Arrested terror suspect Mohamed Abrini has been positively identified as the “man in the hat” wanted in connection with the bombing last month at the Brussels Airport, Belgian prosecutors said Saturday.

The Federal Prosecutor's Office in Brussels said Abrini confessed to being the third man present at Brussels Airport during the March 22 suicide bombings there.

Authorities have been frantically seeking the "man in the hat" ever since he was captured on video alongside the two bombers just before the airport attack that killed 16 people.

Belgian authorities recently released more footage of the man leaving the airport in the wake of the bombings, walking down sidewalks and past a hotel.

Abrini was arrested Friday in Brussels in a police raid. The prosecutor's office said Saturday that Abrini "confessed his presence at the crime scene" after being confronted by investigators.

“He explained having thrown away his (explosive) vest in a garbage bin and having sold his hat afterward,” the prosecutor’s office said.

Abrini was one of four suspects charged Saturday with "participating in terrorist acts" linked to the deadly Brussels suicide bombings that killed 32 people and wounded 270 others at the airport and at the city's Maelbeek subway station.

Belgian prosecutors said fingerprints and DNA from Abrini had been found in a Renault Clio used in the Paris attacks, and in an apartment in the Forest area of the Belgian capital that was used by Salah Abdeslam, another Paris suspect, as a hideout until police stumbled upon it.

Abdeslam was arrested on March 18 and is being held in a prison in the Belgian city of Bruges. His lawyer said Thursday that his extradition to France will take weeks to happen.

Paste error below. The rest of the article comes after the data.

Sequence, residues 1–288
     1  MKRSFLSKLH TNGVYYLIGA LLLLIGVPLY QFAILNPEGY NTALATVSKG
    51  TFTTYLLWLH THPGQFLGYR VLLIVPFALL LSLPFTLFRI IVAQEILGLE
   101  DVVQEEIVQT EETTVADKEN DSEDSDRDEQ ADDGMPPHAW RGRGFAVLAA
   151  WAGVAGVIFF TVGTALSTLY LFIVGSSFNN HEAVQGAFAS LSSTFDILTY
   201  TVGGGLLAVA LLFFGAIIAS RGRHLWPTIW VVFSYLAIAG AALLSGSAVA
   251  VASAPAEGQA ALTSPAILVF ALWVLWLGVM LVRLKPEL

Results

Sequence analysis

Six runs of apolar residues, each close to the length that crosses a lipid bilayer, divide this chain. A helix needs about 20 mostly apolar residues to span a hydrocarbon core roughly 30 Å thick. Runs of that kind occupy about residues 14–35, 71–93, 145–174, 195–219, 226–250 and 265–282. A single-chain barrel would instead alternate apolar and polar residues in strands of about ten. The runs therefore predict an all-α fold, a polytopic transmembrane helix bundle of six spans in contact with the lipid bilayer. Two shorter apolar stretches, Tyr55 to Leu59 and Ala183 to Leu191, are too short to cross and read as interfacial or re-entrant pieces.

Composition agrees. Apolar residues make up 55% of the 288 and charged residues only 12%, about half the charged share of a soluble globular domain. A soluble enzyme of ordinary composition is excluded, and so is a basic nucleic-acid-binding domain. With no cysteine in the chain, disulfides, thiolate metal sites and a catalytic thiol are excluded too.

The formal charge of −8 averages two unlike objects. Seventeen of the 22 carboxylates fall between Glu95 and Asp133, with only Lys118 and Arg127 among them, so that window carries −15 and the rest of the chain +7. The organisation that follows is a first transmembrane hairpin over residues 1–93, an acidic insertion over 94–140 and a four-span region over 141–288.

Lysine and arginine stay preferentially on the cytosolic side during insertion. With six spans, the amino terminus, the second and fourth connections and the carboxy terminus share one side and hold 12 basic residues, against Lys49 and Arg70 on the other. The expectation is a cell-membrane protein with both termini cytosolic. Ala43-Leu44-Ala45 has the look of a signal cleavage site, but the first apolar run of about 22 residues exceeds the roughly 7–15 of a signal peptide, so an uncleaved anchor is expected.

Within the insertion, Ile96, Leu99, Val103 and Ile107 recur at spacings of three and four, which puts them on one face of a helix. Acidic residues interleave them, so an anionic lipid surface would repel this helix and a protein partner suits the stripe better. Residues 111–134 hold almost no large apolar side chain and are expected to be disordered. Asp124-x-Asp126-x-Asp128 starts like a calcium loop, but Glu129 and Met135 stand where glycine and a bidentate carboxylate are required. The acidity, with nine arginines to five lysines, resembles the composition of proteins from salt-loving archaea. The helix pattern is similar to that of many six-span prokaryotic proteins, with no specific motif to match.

Prosecutors in March said Abdeslam planned to blow himself up outside France’s national stadium during the Paris attacks, but backed out at the last minute.

Abrini's precise role in the Paris attacks has never been clear. He is a 31-year-old Belgian-Moroccan petty criminal believed to have traveled early last summer to Syria where his younger brother died in 2014 in the Islamic State terror group's notorious francophone brigade.

He had not resurfaced since the emergence of surveillance video placing him in the convoy with the attackers headed to Paris. He had ties to Abdelhamid Abbaoud, the ringleader of the Paris attacks who died in a police standoff on Nov. 18, and is a childhood friend of brothers Salah and Brahim Abdeslam. Abrini was traveling with Salah Abdeslam in the convoy headed to Paris in the 36 hours leading up to the attacks.

He went multiple times to Birmingham, England, last year, meeting with several men suspected of terrorist activity, a European security official has told The Associated Press. The official spoke on condition of anonymity because he was not authorized to provide details on the investigation. He said the meetings, including one later last summer, took place in several locations, including cafes and apartments.

The Associated Press contributed to this report.